I know these questions have been asked and answered in various places all over the internet, but for some reason half the answers I have found just contradict the other half and I just end up more confused than when I started.
I would really appreciate some clarification on these questions, and if the answers I have found below are correct or not…
What are the differences between a Librem laptop and a Libreboot laptop, in terms of privacy and security?
From what I understand after reading several very long flamewars, there are two differences:
First, the Librem has the ME “neutralized”, but not removed, while the libreboot laptops have it completely removed. This means the ME is still capable of executing code, but the code is removed before bootup. (edit: Not exactly. It’s not entirely removed in either system, since both require the ME to startup. In the Libreboot the code comes from the internal ROM on the chip, in the Librem it’s externally stored)
Second, the FSP is still present on the Librem but is not present on the Libreboot. I couldn’t find the FSP mentioned in the Coreboot wiki so I don’t know how important that is or what the FSP is used for. The only resource I have found describing what the FSP does comes from the Intel website. (Edit: Now that the ME is disabled, the FSP is next)
Third, the Librem has an IOMMU (edit #3: incorrect, does not have an IOMMU… Thank you kakaroto)
I don’t know if the VBIOS or EC are freed or not. I would assume the EC at least would be rather easy, because it’s just a microcontroller that Purism would need to program from scratch anyway, but I could be mistaken.
(edit: VBIOS is freed for Broadwell-era CPUs, Skylake is still in-progress. EC non-free but has low security/privacy implications)
Why isn’t the Librem RYF-certified?
- Never seen this explained anywhere, but I’m guessing it’s because of the FSP, unless the VBIOS and EC are closed as well.
(edit: The Librem probably won’t get certified in the near future at least because of the ME issue. Although the ME is currently both “neutralized” [meaning that about 85% of the code is removed] and “disabled” [meaning that the remaining code has the “HAP” flag set which causes it to deactivate itself], this doesn’t change the fact that the ME core still runs some binary blobs at bootup)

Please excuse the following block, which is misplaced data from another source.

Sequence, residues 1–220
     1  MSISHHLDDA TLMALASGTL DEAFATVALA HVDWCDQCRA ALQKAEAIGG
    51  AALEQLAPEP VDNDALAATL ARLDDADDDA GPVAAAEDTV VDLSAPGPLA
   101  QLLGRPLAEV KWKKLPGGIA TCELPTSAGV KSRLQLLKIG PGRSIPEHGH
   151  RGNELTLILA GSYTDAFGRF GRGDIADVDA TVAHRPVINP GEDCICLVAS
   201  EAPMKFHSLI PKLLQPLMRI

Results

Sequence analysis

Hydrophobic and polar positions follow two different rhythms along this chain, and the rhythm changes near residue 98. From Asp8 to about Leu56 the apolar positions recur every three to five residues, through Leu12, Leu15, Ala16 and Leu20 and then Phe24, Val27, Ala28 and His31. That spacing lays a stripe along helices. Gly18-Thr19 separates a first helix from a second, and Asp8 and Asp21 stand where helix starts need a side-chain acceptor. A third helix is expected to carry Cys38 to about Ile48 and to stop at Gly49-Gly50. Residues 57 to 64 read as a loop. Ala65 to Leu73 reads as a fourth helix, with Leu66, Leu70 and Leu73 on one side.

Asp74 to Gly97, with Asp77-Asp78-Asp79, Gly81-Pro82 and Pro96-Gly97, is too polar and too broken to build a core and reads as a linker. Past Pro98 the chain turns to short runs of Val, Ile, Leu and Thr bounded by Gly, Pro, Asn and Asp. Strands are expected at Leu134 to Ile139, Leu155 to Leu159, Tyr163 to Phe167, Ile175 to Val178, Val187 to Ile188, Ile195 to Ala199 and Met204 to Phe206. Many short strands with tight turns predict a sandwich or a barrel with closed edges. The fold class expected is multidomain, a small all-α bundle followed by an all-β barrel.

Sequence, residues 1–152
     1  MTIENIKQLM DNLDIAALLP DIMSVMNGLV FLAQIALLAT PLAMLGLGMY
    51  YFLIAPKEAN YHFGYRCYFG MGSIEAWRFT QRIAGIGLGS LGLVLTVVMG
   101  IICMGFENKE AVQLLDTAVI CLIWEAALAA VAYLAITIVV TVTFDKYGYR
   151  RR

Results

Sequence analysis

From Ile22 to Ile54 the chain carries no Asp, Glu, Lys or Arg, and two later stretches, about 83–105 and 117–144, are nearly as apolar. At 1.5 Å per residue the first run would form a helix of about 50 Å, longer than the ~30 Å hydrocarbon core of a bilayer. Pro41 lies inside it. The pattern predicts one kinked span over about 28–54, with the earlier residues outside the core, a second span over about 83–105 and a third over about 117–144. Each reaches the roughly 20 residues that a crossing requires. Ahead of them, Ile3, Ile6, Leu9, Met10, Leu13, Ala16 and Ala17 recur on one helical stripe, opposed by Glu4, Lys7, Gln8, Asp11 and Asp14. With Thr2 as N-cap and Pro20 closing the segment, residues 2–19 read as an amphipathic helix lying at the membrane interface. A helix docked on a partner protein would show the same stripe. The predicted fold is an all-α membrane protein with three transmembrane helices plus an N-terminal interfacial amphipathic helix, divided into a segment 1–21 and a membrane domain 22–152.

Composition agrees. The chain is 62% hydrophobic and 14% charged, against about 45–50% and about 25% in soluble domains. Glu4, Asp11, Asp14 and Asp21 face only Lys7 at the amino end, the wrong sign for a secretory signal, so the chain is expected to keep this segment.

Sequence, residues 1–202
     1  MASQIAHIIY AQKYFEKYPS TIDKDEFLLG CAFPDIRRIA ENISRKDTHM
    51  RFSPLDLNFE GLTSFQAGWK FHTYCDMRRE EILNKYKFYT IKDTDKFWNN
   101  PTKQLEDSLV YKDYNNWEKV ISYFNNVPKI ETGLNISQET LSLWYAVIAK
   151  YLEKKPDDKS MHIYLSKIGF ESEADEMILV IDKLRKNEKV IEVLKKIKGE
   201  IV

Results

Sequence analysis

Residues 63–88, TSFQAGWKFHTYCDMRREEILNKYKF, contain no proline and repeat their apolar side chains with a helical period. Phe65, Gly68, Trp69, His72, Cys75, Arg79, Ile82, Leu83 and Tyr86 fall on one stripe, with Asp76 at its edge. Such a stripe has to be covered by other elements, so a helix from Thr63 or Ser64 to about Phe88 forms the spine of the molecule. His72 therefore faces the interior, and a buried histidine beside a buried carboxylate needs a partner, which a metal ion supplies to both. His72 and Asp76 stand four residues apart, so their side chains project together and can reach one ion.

Why isn’t the Librem Qubes-certified?
- I think it’s because Qubes demanded excessive royalties.
(edit: Yes, sadly. Also Qubes 4.x requires the IOMMU to be enabled, but this can be done by the end-user on a Librem)
Although I have read The Purism FAQ, it doesn’t give any overview of the differences between Purism and your “competitors” in the privacy market. I’ve personally been looking for a long time to find a private/secure laptop, and I haven’t bought one yet simply because I am still trying to find an unbiased list of differences between the options. For example, what are the remaining binaries in the Librem? What do they do?
The Freedom Roadmap says in one spot that you still need to liberate the VBIOS, FSP and EC, but in another spot says "Purism laptops are completely free from the BIOS (see the history of our coreboot involvement) to the bootloader through the kernel (with no mystery code, binary blobs, or firmware blobs), including the operating system and all software." Which is it?
So, I apologize for asking these questions yet again, as I’m sure the Purism staff is tired of them… But then, could you maybe add these sort of questions to your FAQ?
I know I’m not the only one with these questions, and I’m sure there are others continually discovering the different privacy options available who would appreciate such a comparison.
Thank you again Purism for your dedication to privacy and security, and Happy Thanksgiving if you happen to be in the US!